A review of My Own Darling Wife: Letters from a Confederate Volunteer by Andrew P. Calhoun (Shotwell Publishing, 2018).
This is not just a book of family letters from the War Between the States. You will learn more about the typical Confederate soldier in these 208 pages than in most books.
The author of these letters is John Francis Calhoun, a lieutenant in Company C, 7th Regiment, South Carolina Volunteers, and they were sent home to his wife Rebecca, who he requested keep them for him. John Francis was grand-nephew of the Hon. John C. Calhoun; Rebecca was great-granddaughter of Gen. Andrew Pickens, so the family was steeped in South Carolina history.
These letters cover Calhoun’s experiences in the Confederate Army for 12 months, from April 1861 to March 1862. He called her letters to him “jewels”. Being an officer gave him an overview between the commissioned officers in command and the enlisted troops he commanded.
Pay: “Yesterday was pay day and we were all paid of [sic] and in turn ‘paid off ourselves.’ It is expensive living now that is for the officers, as we furnish everything in proportion.” He told her of the prices of commodities, and how expensive they were from when he left for The War, and how coffee disappeared from the menu and was too expensive to purchase on the local economy.
Sickness: In April 1861 he wrote, “I never in my life heard of as much sickness. Dr. [John Wardlaw] Hearst seems to be broken down and says he regrets accepting the surgeon’s post.” By August he wrote, “We have a great deal of sickness in our Regt and the entire Brigade. There are between 3 and 400 reported unfit for duty in our Regt alone.”
Sickness he told her was brought about by lack of tents and blankets. “I sleep under two and three blankets and my feet are cool all night at that.” At the end of November he wrote, “I got up two hours before day this morning. I was so cold. The ice was more than an inch thick. The ground was frozen all day and tonight will be very cold again.” By February 1862 he could say, “We have awful weather and if we could get wood enough and had no picketing to do we could make out very well.”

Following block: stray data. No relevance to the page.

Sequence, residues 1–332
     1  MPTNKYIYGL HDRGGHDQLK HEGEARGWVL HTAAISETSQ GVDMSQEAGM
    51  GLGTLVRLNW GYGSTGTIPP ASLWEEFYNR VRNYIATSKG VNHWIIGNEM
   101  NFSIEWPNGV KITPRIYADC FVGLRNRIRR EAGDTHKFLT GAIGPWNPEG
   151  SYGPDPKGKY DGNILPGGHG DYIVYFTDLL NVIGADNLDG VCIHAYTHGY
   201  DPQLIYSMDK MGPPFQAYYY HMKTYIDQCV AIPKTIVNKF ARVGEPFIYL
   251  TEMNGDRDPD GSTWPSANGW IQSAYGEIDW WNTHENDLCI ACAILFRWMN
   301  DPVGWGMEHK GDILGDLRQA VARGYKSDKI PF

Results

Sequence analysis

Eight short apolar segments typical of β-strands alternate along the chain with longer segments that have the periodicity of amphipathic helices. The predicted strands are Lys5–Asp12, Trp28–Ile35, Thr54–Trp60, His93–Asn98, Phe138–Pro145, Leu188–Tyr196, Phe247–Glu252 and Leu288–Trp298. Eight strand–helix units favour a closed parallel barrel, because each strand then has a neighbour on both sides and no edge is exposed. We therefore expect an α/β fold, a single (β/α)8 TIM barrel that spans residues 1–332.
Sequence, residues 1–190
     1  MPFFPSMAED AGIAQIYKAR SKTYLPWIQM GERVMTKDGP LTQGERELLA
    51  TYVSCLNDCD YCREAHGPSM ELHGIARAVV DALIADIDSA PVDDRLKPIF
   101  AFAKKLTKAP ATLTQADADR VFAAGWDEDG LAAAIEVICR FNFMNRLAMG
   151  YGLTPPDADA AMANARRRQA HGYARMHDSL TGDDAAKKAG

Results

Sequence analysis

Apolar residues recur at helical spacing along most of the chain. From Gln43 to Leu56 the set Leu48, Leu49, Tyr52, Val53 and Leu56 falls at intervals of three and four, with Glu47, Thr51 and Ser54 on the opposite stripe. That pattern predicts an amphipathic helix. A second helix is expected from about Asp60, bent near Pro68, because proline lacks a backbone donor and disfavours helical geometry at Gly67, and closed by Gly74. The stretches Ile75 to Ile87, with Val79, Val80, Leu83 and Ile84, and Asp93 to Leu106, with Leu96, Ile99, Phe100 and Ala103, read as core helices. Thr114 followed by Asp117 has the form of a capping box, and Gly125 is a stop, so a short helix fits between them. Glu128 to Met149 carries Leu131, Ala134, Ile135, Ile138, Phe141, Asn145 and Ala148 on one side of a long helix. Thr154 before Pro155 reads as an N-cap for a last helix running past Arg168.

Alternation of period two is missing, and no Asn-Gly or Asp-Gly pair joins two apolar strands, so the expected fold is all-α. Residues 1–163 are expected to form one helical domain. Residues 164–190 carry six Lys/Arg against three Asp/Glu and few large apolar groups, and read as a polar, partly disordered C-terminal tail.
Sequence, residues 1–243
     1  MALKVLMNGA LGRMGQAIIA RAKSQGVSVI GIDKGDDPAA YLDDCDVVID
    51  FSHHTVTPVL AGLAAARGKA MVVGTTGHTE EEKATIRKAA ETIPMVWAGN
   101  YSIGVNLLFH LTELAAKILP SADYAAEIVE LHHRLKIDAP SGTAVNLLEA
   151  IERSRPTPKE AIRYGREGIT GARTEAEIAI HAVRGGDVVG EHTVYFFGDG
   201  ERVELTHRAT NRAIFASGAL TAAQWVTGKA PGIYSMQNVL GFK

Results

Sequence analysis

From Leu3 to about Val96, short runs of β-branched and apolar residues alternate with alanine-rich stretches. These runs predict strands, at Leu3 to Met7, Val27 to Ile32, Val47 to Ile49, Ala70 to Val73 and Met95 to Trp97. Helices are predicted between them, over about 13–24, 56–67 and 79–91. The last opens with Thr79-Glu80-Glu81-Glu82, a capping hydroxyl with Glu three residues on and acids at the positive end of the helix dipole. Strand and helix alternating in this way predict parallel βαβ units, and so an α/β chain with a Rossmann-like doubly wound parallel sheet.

Tents. In March 1862 he wrote, “[Wade Elephare] Cothran and I made us a tent by ripping mattress tick, and by using blankets and we are fixed up tolerably comfortable, we can’t stand up but it keeps the rain off which is all we want, having blankets enough.”
Clothing. In addition to blankets and tents, he wrote home about clothing he needed. “Make up those grey pants and two pair of stout drawers and two or three shirts as I will need them if I have to stay here even until Oct.”
Envelopes were difficult to come by, so in August of 1861 he asked her to send him a “bunch of thick white envelopes” and he reminded her that postage to his unit was only five cents, which was stamped on the envelopes from her. He asked for pictures of his wife and his child.
Since he was nearby to Manassas, he wrote her several letters about the battle and what was left by the enemy, the “spoils” of war. They had left 20,000 stand of weapons, artillery, and food. The Confederates had to bury the enemy, and he told of how little they were buried. This was not only new for soldiers but for those back home too.
He also wrote her of what the troops were doing. “Whilst I am writing some of the boys are cooking biscuit, making coffee, frying meat &c and it would surprise you to see how well they cook. Some of hem [sic] killed a large fat unmarked hog and I will enjoy a breakfast of ribs. The yankee residents who fled from this country left cattle, hogs &c. and the soldiers kill them whenever they can get a chance.”
Other letters tell her what needed to be done at their farm, showing how people lived during The War in an agricultural area. Calhoun also owned and ran a tannery, producing leather for the Confederacy.
Calhoun survived The War and later joined Clemson College as dining hall bursar and his wife as dormitory matron. His other duty was curator of the relic room at Clemson.
This is not just a book of letters, but a history of a family in The War, and a history of soldiers in The War. Except for the cover, there are no illustrations, but a good introduction and epilogue. People named in the letters are explained in footnotes.
This book is a welcome addition to the information about The War.